When Keir Starmer stood for Labour’s leadership three years ago, he made ten campaign pledges. This was pledge number five:
Common Ownership; Public services should be in public hands, not making profits for shareholders. Support common ownership of rail, mail, energy and water; end outsourcing in our NHS, local government and justice system.
This is no longer Labour’s policy. In his new year interview with the BBC’s Laura Kuenssberg, Starmer said circumstances had changed, and that he no longer supported a number of his leadership campaign policies. Renationalisation is no longer one of his goals; outsourcing is no longer anathema.
This matters. The ownership of public services has long been one of Labour’s most sensitive and significant issues, for it goes to the heart of the party’s purpose. The party’s own ranks are divided on whether Labour should stay true to its ideological roots, or develop a different political agenda for the 21st century.
The Tony Blair Institute commissioned me to investigate public attitudes to nationalising the main utilities. This new research confirms the findings of other polls that show widespread backing for the general notion of common ownership. However, this support proves to be fragile, not least among Labour supporters, when voters’ views are examined more closely. Below are my introduction and conclusion to the report. The full report can be read here.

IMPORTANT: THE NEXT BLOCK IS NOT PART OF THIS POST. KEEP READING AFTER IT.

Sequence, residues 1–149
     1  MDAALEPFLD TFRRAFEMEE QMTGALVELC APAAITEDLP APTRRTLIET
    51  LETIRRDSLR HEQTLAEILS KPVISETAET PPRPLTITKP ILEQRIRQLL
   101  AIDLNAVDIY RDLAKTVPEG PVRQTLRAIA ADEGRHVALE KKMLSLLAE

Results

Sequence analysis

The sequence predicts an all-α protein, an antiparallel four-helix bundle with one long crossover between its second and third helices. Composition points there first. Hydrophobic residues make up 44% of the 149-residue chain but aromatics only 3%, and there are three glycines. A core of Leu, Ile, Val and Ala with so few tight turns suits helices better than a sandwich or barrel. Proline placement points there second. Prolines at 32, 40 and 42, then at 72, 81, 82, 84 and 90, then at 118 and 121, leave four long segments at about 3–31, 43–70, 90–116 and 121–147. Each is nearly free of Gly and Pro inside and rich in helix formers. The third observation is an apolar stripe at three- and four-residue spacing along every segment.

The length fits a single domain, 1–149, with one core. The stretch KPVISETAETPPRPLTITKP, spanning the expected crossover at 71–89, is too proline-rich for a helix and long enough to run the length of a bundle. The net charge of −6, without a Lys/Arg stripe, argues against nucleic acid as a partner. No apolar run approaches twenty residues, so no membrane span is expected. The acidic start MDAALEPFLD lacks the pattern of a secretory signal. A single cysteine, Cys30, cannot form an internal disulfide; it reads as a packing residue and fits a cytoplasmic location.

The debate over whether utilities should be managed by the public or private sector has been hotly contested in the UK for many years. It has long been accepted as settled fact that views about state ownership of utilities are passionately and ideologically held, but little is known about people’s real preferences when it comes to the management of services. To better understand them, the Tony Blair Institute commissioned Deltapoll to ask the British public about their views on the ownership, management and delivery of key public services. Our results challenge some assumptions on the preference for public ownership.
Most people regard the privatisation of public services over the past 40 years as a failure – bad for customers, taxpayers, people on low incomes and the economy as a whole. Privatisation is also unpopular because respondents think the profits achieved by the main utilities are higher than they should be. Yet, interestingly, this is based on the belief that the profits achieved by service providers are higher than they actually are. On average, respondents believe that water, train and energy (gas and electricity) companies enjoy a profit margin of around 50 per cent of what customers spend on their services. In fact, it is 2 per cent for water companies, 2 per cent for train operators and 1 per cent for gas and electricity retailers.
At a surface level, voters across the political spectrum would prefer privatised utilities to return to the public sector. Dissatisfaction with services and a negative verdict on the legacy of privatisation lead to clear majorities in favour of the main privatised industries returning to the public sector. The proportion who prefer them to stay in the private sector rather than return to the public does not reach even 20 per cent. It is also noticeable that there is no great party divide on these issues. The numbers for Conservative and Labour voters differ, but only by small amounts. They agree far more than they disagree. This applies to all the questions in this poll.